Guinea-Bissau’s Secretary of State for Fisheries has launched an awareness campaign to ban shark finning (cutting fins from sharks) in the country’s seas, the Director General of the Applied Fisheries Research Centre (CIPA) said Wednesday in Bissau.
Claiming that shark finning is common practice amongst industrial fishermen, Vitorino Nahada be the shark-ray is the most affected species and “we want to see that situation change in a short time.”
“The cutting of shark fins is a harmful practice because fishermen merely make use of the fins and the rest of the carcass is left in the sea, where the animal will die,” said the Director-General of CIPA, cited by Portuguese new agency Lusa.
Nahada noted that “for eight years” the fishing authorities have been implementing a project of shark-ray monitoring in the Exclusive Economic Zone (EEZ) of Guinea-Bissau.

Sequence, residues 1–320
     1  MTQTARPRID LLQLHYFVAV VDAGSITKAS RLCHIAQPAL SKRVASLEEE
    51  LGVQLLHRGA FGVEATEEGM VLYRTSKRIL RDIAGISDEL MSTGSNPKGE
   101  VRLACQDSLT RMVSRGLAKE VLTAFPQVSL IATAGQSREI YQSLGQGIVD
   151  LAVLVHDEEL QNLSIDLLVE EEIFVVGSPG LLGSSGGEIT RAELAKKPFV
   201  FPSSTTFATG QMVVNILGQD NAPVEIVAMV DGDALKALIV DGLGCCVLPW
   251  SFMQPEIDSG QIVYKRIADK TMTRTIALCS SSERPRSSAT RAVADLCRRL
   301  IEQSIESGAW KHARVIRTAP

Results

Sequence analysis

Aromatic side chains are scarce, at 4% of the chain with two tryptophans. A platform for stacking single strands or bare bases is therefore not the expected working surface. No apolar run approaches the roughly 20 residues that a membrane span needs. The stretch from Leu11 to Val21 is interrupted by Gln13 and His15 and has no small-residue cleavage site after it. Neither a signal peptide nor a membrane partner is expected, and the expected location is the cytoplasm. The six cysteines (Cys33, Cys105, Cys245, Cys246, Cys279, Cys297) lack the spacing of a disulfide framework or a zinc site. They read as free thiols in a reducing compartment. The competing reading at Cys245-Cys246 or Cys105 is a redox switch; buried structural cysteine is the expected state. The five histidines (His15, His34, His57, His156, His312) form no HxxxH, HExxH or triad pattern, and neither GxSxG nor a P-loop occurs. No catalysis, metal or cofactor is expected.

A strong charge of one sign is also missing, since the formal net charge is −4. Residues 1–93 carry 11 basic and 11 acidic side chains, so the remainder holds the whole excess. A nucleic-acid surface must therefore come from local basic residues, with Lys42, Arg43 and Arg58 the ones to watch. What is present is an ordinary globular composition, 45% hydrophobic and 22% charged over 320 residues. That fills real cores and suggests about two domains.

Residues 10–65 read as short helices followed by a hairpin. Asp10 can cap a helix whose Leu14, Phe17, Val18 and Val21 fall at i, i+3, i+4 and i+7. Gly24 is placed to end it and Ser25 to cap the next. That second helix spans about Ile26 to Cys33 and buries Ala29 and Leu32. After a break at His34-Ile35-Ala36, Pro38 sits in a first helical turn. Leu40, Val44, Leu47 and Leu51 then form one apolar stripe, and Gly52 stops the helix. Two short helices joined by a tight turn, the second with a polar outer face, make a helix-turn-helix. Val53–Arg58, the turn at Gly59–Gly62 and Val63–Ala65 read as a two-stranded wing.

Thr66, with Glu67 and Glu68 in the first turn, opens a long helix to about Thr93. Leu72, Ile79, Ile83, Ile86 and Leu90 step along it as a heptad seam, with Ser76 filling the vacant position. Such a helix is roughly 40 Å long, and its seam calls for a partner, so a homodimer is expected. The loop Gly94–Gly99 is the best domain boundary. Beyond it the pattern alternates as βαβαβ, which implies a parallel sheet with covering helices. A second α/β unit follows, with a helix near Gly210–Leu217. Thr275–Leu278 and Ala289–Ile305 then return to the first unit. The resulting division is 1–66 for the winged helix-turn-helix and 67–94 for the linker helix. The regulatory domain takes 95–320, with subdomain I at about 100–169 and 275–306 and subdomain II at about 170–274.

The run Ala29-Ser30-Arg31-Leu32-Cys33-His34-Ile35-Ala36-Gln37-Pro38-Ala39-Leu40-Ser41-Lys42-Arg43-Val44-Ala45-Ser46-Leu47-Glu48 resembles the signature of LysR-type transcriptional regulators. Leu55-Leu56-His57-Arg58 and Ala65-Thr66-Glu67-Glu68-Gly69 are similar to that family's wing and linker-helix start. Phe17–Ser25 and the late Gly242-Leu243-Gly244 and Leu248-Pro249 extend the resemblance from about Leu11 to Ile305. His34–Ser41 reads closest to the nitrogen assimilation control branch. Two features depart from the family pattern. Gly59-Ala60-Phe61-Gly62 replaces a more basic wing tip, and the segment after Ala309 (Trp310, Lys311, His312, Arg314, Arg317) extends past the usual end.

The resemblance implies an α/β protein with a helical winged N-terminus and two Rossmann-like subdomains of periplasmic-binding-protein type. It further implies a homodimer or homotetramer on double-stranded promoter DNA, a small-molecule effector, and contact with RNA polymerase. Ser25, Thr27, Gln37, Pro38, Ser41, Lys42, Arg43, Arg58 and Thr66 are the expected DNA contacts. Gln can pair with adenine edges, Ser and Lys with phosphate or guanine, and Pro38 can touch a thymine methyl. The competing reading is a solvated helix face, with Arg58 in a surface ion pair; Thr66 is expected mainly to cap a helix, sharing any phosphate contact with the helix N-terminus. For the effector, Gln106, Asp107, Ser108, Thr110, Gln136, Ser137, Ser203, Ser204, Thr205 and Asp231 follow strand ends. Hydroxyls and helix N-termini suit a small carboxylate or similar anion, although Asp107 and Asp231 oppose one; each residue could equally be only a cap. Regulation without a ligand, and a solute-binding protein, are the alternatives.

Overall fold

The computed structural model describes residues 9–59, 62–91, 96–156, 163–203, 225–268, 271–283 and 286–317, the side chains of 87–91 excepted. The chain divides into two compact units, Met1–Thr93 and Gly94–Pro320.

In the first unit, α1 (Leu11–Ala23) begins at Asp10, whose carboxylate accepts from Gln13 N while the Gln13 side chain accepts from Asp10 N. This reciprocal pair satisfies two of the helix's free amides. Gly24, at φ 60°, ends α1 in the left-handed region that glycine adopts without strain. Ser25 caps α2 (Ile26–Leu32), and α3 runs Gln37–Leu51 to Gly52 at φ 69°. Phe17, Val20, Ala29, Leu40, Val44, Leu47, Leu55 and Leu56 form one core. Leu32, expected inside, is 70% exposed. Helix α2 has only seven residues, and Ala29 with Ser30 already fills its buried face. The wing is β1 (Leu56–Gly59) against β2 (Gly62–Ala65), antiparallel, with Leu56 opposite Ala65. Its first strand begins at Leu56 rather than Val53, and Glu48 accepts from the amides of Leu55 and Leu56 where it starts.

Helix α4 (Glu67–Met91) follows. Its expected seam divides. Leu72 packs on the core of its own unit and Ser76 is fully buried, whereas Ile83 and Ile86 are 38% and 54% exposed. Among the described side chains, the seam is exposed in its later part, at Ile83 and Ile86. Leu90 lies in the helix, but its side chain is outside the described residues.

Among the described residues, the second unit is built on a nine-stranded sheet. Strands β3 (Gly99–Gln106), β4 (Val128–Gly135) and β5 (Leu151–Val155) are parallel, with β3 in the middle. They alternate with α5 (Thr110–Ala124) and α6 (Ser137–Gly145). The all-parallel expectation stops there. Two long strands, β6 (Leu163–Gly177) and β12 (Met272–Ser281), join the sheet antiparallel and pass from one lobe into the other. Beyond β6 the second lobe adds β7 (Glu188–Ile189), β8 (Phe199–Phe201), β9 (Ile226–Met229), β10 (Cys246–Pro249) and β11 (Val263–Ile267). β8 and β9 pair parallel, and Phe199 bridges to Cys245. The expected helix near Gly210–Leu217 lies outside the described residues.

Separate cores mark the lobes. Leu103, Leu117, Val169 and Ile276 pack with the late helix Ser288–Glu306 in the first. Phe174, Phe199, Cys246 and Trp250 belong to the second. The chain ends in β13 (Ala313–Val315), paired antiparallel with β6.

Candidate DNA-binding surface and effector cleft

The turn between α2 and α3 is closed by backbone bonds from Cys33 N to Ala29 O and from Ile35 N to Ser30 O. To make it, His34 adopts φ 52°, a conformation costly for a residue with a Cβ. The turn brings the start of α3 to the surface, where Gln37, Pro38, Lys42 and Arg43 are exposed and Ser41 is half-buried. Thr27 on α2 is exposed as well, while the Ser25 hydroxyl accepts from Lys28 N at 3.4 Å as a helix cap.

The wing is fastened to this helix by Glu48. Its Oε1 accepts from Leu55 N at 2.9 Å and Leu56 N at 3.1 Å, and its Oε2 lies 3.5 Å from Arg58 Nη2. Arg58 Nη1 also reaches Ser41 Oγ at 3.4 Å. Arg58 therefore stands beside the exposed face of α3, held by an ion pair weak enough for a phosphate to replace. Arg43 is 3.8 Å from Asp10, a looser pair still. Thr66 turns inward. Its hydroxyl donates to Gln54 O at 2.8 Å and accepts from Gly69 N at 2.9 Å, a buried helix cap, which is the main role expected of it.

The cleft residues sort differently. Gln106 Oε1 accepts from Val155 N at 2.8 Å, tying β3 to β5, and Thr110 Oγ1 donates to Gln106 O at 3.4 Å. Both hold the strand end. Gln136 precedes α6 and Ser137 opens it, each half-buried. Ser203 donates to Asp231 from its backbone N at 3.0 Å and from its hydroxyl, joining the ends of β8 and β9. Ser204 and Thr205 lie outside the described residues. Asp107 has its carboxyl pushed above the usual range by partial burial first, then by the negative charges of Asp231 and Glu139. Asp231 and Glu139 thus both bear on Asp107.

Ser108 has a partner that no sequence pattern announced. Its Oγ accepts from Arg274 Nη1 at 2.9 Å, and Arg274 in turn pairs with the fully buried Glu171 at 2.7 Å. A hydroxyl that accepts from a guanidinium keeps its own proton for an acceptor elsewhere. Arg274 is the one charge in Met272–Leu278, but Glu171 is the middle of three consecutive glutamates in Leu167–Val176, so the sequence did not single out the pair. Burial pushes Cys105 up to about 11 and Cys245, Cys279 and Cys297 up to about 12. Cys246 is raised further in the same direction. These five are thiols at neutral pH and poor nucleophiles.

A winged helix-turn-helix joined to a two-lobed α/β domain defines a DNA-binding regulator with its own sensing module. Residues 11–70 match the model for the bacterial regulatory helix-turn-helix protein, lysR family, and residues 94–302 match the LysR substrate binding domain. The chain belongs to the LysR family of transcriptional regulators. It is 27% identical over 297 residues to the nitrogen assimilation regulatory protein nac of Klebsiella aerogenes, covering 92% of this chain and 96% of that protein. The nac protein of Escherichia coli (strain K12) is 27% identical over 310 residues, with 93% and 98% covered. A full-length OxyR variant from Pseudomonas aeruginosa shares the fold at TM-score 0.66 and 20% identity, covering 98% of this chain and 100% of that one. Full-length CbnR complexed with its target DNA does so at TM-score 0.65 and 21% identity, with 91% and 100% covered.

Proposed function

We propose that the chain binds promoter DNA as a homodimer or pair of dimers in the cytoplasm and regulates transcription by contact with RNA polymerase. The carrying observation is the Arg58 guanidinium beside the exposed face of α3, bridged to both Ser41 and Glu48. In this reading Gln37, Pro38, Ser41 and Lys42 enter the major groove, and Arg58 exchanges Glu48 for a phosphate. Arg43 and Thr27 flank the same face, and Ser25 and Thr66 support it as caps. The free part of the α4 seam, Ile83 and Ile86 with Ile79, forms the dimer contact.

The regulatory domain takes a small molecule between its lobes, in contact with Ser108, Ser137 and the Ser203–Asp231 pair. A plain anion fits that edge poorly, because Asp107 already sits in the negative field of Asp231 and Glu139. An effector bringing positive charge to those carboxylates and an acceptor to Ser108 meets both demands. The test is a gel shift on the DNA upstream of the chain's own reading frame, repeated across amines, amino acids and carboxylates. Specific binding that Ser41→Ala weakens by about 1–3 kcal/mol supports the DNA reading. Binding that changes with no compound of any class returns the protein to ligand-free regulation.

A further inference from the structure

With funding from the Sub-Regional Fisheries Commission, the Guinea-Bissau Secretary of State for Fisheries Wednesday gave a seminar to raise awareness, due to end Thursday, about the ban on shark finning and landing finned sharks in Guinea-Bissau.
The meeting brings together all the fishing delegates from the nine regions of the country, responsible for artisanal fishing and experts from the Institute of Biodiversity and Protected Areas (IBAP).
The Sub-Regional Fisheries Commission is an intergovernmental organisation created in 1985 and it brings together Guinea-Bissau, Cabo Verde (Cape Verde), Gambia, Guinea, Mauritania, Senegal and Sierra Leone. (macauhub/GW)